Howard County Library System
 
How We Choose - Materials Selection Policy


I. Purpose

II. Vision Statement

III. Mission Statement

IV. Primary Objective

V. Authority For Selection

VI. Criteria For Selection

VII. Formats

VIII. Type

IX. Internet Use Policy

X. Collaboration With Other Agencies

XI. Gifts and Memorials

XII. Collection Maintenance

XIII. Equal Opportunity in Education

XIV. Reconsideration of HCLS Materials

XV. Appendix A

XVI. Appendix B

XVII. Appendix C

XVIII. Appendix D


Supplement #3 is reviewed each year at the March meeting of the Board of Trustees. Approved: March 20, 2013


I. Purpose

How We Choose, the selection policy of Howard County Library System (HCLS), is a general guide for staff members responsible for selection of materials and an information tool for customers interested in knowing how materials are selected for HCLS' collection.

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II. Vision Statement

A major component of Howard County's strong education system, we advance the economy, enhancing quality of life.

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III. Mission Statement

We deliver high-quality public education for all ages.

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IV. Primary Objective

A key component of HCLS’ educational mission, HCLS’ vast and diverse collection of materials in all formats supports HCLS’ curriculum, which comprises three pillars: Self-Directed Education, Research Assistance & Instruction, and Instructive & Enlightening Experiences.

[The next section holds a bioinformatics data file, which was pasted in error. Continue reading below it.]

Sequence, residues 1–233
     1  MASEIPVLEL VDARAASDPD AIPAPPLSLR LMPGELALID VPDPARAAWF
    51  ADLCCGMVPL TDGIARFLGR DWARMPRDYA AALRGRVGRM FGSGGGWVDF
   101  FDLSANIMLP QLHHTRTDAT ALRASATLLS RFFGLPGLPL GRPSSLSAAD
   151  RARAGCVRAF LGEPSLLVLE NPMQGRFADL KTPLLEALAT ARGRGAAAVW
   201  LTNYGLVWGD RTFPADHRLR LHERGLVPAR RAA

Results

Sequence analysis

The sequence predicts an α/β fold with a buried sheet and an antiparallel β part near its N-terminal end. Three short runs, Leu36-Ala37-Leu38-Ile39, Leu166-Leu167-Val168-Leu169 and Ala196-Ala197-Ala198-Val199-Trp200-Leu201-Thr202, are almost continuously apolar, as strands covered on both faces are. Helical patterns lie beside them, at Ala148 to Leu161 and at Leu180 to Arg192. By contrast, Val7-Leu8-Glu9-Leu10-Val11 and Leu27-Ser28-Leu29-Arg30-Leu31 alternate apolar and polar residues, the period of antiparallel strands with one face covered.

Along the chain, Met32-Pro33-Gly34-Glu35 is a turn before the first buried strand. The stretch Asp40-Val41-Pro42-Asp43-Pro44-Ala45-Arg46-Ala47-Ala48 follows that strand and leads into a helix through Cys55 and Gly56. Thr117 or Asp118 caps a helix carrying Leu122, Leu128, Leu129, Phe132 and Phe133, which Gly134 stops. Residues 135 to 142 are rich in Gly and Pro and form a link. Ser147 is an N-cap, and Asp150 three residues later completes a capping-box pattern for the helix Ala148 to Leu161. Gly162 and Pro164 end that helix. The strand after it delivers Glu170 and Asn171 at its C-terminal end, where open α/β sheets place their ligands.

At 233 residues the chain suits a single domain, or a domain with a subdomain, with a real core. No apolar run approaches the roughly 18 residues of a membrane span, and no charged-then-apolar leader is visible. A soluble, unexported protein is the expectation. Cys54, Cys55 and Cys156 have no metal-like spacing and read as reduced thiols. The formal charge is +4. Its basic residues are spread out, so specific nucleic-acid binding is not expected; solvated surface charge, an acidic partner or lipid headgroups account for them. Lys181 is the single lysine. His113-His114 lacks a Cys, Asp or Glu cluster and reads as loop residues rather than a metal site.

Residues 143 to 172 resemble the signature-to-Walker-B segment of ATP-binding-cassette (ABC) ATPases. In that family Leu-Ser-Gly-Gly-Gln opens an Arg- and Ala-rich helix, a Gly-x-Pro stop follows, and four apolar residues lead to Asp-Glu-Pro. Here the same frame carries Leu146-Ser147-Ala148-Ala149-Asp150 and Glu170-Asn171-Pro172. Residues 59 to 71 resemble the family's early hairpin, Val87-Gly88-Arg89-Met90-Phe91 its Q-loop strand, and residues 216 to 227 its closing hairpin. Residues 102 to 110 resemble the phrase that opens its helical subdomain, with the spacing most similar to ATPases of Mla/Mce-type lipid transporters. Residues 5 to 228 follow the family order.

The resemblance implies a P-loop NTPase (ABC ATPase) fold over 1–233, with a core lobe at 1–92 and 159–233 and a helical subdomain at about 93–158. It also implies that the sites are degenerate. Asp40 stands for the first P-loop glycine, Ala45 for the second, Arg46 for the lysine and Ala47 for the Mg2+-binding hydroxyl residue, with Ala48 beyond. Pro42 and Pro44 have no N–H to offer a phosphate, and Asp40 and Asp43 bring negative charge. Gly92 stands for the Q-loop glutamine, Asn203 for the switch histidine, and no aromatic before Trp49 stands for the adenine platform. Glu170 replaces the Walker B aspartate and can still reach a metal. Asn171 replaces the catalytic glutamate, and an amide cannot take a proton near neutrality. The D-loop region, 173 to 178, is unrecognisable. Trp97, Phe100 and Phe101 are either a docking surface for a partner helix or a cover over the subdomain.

Delivering such an extensive, first-rate collection to customers involves selecting, acquiring, organizing, preserving, maintaining, and providing convenient access.

HCLS provides, within its financial limitations, a general collection of up-to-date materials embracing broad areas of knowledge. Included are works of enduring value and timely materials of contemporary significance.

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V. Authority For Selection

Ultimate responsibility for the selection of HCLS materials rests with the President & CEO, who operates within the framework of policies determined by the Board of Trustees (Board). Ongoing responsibility is shared with the Chief Operating Officer for Support Services and the Head of Materials Management. Initial selection of materials is delegated to appropriate staff members who are familiary with selection tools and models.